Governor Mike Pence Tuesday laid out his plan for Indiana’s future – emphasizing a commitment to road funding, promising to protect teachers and schools from abnormally low test scores, and pledging to crack down on drug dealers.
Much of the governor’s address was spent on what he calls Indiana’s recent achievements – notably the state health care program HIP 2.0. Pence also spelled out his legislative agenda, reiterating his four year, billion-dollar plan to fix state roads and his support for a Senate Republican proposal to immediately boost local road funding by $400 million. And the governor made clear what he doesn’t support: taxes.
“Let’s invest in our roads, let’s maintain the Crossroads of America and let’s do it without raising taxes,” he said.
The House GOP road plan includes cigarette and gas tax increases.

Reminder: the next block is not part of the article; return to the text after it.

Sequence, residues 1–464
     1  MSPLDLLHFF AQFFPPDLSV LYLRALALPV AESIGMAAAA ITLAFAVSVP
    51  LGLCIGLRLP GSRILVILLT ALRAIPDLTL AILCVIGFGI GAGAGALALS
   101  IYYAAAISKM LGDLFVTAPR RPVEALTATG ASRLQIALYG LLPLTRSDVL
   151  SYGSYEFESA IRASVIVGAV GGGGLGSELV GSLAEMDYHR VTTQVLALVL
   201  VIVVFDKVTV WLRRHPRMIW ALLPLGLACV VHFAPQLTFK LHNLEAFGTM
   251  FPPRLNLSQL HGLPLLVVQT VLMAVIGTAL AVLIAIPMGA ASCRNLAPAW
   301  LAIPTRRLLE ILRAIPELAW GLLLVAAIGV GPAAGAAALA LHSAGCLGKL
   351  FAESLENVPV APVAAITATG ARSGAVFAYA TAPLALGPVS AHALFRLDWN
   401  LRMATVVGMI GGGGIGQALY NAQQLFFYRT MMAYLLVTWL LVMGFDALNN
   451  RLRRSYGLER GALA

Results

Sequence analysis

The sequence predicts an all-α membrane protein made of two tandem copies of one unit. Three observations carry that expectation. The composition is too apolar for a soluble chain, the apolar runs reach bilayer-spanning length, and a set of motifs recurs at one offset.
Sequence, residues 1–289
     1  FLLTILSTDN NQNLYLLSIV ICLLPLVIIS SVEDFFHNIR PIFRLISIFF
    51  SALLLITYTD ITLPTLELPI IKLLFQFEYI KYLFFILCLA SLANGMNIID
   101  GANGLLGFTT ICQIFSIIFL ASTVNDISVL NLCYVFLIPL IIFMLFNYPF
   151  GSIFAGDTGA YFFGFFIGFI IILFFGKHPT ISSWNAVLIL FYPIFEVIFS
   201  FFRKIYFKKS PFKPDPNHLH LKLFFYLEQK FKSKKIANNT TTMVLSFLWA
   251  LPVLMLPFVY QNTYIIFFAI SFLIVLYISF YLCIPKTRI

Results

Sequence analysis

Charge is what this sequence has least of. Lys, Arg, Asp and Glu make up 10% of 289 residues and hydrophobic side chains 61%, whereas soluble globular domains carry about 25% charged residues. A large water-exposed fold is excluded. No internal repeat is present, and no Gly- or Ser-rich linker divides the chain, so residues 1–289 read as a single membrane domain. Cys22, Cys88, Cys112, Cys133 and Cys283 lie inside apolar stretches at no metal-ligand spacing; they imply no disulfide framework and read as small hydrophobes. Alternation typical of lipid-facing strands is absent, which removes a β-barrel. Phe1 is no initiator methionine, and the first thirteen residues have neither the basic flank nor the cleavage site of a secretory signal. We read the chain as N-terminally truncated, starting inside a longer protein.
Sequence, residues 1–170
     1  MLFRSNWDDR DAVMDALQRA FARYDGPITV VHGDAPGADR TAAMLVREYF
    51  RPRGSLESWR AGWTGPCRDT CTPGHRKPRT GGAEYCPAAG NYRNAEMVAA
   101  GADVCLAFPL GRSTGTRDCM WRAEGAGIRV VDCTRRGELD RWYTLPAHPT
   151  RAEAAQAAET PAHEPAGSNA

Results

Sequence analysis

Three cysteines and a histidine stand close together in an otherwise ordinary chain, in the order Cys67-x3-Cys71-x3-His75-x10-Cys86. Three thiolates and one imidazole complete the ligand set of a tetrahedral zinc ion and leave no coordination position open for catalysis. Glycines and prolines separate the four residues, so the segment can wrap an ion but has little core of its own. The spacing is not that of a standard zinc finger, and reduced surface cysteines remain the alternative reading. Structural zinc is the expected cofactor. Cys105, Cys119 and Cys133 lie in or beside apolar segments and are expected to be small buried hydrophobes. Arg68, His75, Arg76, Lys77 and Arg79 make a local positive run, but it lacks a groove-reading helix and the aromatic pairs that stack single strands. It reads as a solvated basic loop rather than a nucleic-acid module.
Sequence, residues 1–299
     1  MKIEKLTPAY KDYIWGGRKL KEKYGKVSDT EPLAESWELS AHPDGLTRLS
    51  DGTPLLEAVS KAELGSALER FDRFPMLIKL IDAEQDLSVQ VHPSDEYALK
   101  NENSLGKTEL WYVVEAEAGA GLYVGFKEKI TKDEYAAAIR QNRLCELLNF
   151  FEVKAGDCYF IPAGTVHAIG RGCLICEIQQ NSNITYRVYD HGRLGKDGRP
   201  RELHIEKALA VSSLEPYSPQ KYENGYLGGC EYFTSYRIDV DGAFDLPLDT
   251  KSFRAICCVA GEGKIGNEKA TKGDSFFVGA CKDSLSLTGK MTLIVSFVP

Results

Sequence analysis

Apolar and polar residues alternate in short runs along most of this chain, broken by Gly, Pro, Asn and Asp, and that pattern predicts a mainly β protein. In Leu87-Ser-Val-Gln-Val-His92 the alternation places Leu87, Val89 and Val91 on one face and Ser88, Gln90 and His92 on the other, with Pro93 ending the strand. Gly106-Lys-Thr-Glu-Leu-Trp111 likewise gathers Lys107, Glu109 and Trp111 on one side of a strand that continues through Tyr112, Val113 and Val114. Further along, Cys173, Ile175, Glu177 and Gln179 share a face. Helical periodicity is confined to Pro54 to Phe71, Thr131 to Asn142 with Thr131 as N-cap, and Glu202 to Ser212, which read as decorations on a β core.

Pence also stresses the need for more drug treatment options while repeating an idea he’s pushed before.
“If you are selling drugs to our kids, we are coming after you,” he said. “It’s time to get tougher on drug dealers in this state.”
The governor also praises bipartisan legislative leadership for joining him in an effort to ensure teachers and schools aren’t unfairly hurt by an expected drop in ISTEP scores.
Finally, after months of waiting, Hoosiers were able to hear where Pence’s stance on civil rights for the state’s LGBT people, although the governor providing no indication of legislative specifics on the issue.
The governor, reiterating a common refrain of his, says Hoosiers don’t tolerate discrimination while at the same time cherishing their faith. And Pence says no one should be harassed or mistreated, as he puts it, “simply because of who they are, who they love, or what they believe.” Yet Pence stresses the strong protections in Indiana’s Constitution regarding freedom of religion and conscience, delivering this guideline to lawmakers:
“I will not support any bill that diminishes the religious freedom of Hoosiers or interferes with the constitutional rights of our citizens to live out their beliefs in worship, service or work,” Pence said.